Updated on 27.01.2020, 20:33 (AST)

Kazuhiro YOSHIDA, the World Bank's Senior Irrigation and Drainage Specialist:
THE IRRIGATION NETWORK UPGRADE IN THE CENTRAL ASIAN COUNTRIES WILL INDUCE 50% YIELD GROWTH BY 2050


The World Bank is planning to launch a water resources accounting project in Kazakhstan and the Central Asian countries, within the framework of which it intends to devise a model for assessing available water resources in the region. Senior Irrigation and Drainage Specialist Kazuhiro YOSHIDA at the World Bank talked to Interfax-Kazakhstan why Kazakhstan needs a plan for the rational use of water from sources and what effect should be expected from the irrigation networks upgrade in agriculture.

 

- How developed, in your opinion, are irrigation systems in Kazakhstan's agriculture?

- Currently water supply and irrigation systems in Kazakhstan are predominantly ineffective. It is possible to say that they have begun to decay since the beginning in the 1990s.

Aging irrigation and water supply infrastructure result in high water losses. As a result, some territories that were previously suitable for agriculture are experiencing desertification. According to forecasts, climate change, in particular, changes in precipitation and a decrease in available water resources in many parts of Kazakhstan, especially in the southern regions, will further aggravate this situation. In addition, Kazakhstan is landlocked and largely dependent on the drains of the countries located in the upper reaches of the rivers.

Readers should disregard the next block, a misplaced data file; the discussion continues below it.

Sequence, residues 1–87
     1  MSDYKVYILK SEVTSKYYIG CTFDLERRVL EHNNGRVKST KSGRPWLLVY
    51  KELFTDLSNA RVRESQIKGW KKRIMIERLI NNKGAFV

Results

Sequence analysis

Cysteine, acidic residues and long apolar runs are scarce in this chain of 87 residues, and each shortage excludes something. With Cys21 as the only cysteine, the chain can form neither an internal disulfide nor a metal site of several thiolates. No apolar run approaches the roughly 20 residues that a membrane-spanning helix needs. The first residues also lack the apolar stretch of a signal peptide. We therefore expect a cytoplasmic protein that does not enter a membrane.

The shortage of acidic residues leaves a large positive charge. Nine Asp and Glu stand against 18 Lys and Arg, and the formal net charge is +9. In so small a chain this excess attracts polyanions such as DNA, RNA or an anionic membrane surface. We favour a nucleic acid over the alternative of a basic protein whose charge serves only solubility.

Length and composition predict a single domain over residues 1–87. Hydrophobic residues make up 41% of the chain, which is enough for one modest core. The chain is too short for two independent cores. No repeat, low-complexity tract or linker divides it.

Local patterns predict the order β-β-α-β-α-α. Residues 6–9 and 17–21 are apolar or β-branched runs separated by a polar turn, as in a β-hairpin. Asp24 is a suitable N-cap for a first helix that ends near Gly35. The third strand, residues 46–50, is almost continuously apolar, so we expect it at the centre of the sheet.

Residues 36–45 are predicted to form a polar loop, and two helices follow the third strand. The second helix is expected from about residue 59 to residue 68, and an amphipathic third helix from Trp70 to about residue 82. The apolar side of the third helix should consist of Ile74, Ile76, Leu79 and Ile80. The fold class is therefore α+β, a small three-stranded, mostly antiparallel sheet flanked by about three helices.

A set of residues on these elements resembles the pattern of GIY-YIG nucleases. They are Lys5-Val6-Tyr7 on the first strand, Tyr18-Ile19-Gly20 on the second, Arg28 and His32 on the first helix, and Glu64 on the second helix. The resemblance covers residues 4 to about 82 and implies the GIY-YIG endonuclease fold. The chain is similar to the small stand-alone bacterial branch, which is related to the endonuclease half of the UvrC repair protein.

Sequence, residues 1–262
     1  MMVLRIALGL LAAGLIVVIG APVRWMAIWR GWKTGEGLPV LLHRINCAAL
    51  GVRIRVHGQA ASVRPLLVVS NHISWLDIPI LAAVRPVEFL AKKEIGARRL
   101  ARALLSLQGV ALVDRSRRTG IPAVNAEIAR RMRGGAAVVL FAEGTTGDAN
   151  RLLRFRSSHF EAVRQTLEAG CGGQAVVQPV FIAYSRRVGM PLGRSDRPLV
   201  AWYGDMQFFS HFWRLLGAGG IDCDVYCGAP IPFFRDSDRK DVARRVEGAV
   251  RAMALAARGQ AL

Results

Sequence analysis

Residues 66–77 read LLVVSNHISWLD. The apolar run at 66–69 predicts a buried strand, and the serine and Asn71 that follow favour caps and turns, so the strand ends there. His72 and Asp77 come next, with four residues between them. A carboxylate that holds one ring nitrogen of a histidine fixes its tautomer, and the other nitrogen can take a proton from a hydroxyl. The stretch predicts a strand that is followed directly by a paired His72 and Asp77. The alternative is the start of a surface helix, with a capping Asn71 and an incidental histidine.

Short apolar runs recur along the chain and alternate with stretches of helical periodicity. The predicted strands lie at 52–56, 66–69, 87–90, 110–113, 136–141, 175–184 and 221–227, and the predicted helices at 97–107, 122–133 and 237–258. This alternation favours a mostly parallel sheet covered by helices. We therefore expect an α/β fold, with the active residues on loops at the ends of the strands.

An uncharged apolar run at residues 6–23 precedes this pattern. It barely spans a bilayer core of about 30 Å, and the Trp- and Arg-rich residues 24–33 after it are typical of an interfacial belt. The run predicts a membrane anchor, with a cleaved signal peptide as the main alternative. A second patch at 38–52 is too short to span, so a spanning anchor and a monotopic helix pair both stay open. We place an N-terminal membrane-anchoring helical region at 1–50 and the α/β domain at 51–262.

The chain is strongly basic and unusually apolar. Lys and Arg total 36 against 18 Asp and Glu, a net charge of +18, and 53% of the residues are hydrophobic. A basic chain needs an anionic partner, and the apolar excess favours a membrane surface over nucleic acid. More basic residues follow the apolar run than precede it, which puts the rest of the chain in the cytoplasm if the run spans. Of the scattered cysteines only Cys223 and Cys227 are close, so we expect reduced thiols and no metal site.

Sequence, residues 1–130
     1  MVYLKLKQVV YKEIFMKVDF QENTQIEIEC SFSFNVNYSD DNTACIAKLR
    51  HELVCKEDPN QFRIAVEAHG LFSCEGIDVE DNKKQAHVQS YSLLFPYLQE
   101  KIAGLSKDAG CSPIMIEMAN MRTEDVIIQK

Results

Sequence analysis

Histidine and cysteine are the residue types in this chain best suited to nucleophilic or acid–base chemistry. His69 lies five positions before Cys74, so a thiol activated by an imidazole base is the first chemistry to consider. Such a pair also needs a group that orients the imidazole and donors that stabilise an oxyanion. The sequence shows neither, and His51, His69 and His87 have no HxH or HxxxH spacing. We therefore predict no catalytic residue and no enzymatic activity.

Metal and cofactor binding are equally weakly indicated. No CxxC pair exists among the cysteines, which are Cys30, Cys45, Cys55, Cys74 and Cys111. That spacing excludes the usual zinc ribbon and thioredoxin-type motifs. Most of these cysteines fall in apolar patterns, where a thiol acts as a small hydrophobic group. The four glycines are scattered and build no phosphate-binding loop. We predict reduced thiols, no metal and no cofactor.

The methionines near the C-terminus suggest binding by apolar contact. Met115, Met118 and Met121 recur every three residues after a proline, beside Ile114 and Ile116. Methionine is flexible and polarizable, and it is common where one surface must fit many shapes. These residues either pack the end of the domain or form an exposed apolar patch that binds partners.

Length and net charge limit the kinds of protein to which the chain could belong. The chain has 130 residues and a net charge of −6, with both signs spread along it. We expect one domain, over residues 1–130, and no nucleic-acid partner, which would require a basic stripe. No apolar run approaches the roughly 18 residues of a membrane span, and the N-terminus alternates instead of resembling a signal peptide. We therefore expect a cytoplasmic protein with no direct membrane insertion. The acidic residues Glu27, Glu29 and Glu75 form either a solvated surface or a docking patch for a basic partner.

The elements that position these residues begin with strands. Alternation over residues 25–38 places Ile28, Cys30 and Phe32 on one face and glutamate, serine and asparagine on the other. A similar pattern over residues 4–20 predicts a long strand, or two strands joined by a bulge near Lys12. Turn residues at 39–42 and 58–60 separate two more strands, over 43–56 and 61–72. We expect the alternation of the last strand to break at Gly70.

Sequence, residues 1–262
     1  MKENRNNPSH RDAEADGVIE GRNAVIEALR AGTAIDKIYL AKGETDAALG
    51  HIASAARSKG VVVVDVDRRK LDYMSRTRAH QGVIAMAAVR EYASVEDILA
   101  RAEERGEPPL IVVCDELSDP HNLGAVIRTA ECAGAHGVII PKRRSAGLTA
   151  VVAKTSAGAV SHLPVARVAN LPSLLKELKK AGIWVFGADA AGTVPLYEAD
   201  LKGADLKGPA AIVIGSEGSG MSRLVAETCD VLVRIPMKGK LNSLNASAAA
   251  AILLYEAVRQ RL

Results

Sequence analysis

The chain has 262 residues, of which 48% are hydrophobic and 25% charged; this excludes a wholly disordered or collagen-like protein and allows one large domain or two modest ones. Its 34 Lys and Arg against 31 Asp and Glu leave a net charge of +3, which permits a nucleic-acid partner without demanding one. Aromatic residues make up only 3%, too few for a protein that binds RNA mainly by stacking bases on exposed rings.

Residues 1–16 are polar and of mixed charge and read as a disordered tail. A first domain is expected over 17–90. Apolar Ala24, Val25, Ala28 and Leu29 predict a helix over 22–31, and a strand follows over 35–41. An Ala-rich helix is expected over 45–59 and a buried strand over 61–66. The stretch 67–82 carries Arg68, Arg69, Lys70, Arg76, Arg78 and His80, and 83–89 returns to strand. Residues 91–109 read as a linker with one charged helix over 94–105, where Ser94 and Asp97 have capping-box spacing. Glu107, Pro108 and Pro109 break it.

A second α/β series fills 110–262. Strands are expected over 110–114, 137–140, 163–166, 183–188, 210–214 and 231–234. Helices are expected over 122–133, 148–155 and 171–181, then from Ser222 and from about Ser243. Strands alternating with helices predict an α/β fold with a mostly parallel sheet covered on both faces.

- According to the Ministry of Agriculture, Kazakhstan has 1.4 million hectares of irrigated land, which account for up to 42% of the total gross crop production. It plans to increase these figures by another 600,000 hectares by 2021, that is, to bring up to 2 million hectares. What do you think, is it possible to achieve such indicators in such a short time?

- It is necessary to distinguish areas equipped for irrigation and actually irrigated land. According to the FAO AQUASTAT database, the total area equipped for irrigation in Kazakhstan was 2 million hectares in 2010, while the actual irrigated area is 1.1 million hectares – this is 57% of the total area equipped for irrigation. Unused areas are idle, mainly due to lack of maintenance and major repairs. The task set may be uneasy, but, as already noted, 600,000 hectares are equipped with irrigation infrastructure.

 

- Worldwide private investment is attracted through PPP schemes to develop irrigation infrastructure. How developed are these mechanisms in Kazakhstan?